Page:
22 nd September, 2020
The National Election Commission,
The United Republic of Tanzania,
P. O. Box 10923
Foreign Affairs Building, Shaaban Robert Street and Garden Avenue, Dar es
Dear Justice of Appeal (Rtd) Semistocles Kaijage,
RE: Tanzania Election Watch Panel on the Legal Hurdles for the attainment of a Free and Fair election in Tanzania
Greetings from the Tanzania Elections Watch.
The Tanzania Election Watch (TEW) is a regional initiative whose mandate is to shed light on the electoral context in the Tanzania and offer a regional response to the same. The initiative focuses on growing regional and international attention and response to the electoral situation in Tanzania.
The TEW initiative has put together a dedicated panel of eminent persons made up of well reputed individuals from the region to critically debate key developments and events as they unfold in order to trigger appropriate responses to address the prevalent human rights and political concerns ahead of the General Elections to be held on 28 October, 2020. The panel of
eminent persons is led by three co-chairs, namely; Prof. Frederick Ssempebwa from Uganda, Dr. Willy Mutunga from Kenya and Ms. Alice Mogwe from Botswana.
The Panel notes that the National Electoral Commission (NEC) on 5 June, 2020 published two sets of election regulations i.e. the Local Authorities (Councilors’ Elections) Regulations, 2020) and the National Elections (Presidential and Parliamentary Elections) Regulations, 2020. The
publication of these regulations is the functions of NEC as an electoral body and guided by the National Elections Act (CAP 343). The panel also notes the enactment in 2018 of the Zanzibar Elections Act with notable amendments to the preceding law.
It is in this capacity and for these reasons that we address you in this letter as hereunder:
The Panel acknowledges the continued commitment of the National Electoral Commission to conduct a free, fair and credible election according to international law, norms and standards. While the NEC and the Zanzibar Electoral Commission (ZEC) carry on their mandate in preparation for the elections on 28 October, 2020 the Panel notes with concern several provisions of the governing law and regulations including their enforcement, their compatibility with the Constitution of the United Republic of Tanzania as well as regional and international covenants to which Tanzania is a party to.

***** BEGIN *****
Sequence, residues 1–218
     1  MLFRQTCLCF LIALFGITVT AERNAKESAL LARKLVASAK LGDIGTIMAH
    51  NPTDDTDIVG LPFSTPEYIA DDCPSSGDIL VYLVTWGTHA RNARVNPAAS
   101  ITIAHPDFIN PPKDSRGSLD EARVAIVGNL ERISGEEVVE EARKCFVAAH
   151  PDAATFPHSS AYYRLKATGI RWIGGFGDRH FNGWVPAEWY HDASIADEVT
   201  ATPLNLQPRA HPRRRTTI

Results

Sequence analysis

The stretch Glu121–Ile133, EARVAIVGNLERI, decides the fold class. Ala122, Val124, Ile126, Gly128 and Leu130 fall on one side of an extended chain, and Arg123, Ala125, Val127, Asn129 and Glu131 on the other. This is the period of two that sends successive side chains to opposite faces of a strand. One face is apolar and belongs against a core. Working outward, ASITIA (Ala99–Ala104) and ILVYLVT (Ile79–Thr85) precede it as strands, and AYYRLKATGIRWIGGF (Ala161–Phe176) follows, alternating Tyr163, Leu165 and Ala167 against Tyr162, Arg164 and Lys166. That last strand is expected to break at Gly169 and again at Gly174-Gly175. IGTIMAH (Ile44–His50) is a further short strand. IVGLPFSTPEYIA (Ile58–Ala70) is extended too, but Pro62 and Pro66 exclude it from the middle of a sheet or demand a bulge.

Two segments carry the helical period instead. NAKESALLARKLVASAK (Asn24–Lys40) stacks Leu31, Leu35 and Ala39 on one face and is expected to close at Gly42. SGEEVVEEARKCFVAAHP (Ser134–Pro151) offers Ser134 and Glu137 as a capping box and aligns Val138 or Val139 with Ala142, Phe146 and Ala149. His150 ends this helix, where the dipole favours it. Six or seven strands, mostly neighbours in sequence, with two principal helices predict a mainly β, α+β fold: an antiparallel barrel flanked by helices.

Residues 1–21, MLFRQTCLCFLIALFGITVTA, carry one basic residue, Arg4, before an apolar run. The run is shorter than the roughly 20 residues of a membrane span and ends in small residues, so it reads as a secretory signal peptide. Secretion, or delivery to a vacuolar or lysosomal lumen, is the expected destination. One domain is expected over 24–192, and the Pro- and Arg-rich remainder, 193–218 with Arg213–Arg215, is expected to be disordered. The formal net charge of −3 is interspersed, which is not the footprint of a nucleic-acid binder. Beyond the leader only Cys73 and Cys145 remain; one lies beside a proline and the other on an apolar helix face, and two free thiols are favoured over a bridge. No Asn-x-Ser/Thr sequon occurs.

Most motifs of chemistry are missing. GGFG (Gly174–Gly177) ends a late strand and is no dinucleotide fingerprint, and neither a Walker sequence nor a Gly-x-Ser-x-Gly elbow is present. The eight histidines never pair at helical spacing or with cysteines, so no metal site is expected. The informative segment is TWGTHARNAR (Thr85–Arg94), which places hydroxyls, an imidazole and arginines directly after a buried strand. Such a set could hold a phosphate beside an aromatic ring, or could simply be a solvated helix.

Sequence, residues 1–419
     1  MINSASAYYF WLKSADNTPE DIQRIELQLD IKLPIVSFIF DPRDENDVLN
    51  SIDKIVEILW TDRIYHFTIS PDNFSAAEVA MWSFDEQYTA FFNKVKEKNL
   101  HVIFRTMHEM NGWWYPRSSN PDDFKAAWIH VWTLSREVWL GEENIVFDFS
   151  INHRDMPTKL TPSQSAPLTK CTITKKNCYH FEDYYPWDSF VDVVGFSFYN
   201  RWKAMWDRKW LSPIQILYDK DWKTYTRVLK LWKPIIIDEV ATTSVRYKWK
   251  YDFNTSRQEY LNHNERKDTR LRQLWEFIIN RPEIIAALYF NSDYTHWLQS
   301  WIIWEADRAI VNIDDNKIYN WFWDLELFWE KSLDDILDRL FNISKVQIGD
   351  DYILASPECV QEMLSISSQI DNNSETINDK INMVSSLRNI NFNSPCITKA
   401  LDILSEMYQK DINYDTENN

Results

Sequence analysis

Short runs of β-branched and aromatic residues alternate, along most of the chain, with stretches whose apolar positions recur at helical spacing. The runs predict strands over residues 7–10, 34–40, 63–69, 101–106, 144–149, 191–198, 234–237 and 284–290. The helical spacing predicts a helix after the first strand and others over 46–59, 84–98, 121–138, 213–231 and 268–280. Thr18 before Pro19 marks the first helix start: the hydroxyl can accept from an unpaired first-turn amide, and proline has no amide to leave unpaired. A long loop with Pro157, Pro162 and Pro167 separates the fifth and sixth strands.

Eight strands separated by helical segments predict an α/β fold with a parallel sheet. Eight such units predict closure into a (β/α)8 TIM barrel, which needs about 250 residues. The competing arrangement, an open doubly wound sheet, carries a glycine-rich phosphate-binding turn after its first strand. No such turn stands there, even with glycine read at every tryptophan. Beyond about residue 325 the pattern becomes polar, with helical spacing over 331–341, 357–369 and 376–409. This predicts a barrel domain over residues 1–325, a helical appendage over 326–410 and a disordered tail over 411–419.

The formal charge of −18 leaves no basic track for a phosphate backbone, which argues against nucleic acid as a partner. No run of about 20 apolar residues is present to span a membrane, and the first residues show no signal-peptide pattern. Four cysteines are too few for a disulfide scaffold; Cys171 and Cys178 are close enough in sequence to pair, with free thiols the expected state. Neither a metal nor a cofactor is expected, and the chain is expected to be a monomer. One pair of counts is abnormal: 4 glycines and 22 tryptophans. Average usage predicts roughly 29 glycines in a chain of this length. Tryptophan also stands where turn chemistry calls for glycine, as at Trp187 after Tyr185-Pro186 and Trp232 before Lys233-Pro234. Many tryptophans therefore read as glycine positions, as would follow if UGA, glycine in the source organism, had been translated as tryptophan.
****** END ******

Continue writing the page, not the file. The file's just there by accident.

First, the Panel notes with concern the complaints by both civil society and political parties of the absence of stakeholder consultations in the development and subsequent enactment of the June 2020 elections regulations. The Electoral Commission is required by the National Election
Act in pursuit of its role to make necessary consultation with relevant stakeholders including political parties and the public at large. The Electoral Code of Conduct stipulated in the National Elections Act, Article 124A (1), also mandates the electoral body to consult with relevant stakeholders.
Second, we commend the NEC efforts to invite and accredit domestic and international observers in accordance with Section 18 of the National Elections (Presidential and Parliamentary Elections) Regulations, 2020. The invitation and participation of local and international observers is universally accepted as an all important measure of a free, fair and credible election. The Panel notes the 23rd June 2020 announcement by the NEC of 96 organizations accredited to observe the 2020 election in addition to the ZEC publication of 17 accredited organizations to observe the Zanzibar elections. We also commend the NEC for the invitation and accreditation of
15 international election observers as announced by the foreign ministry.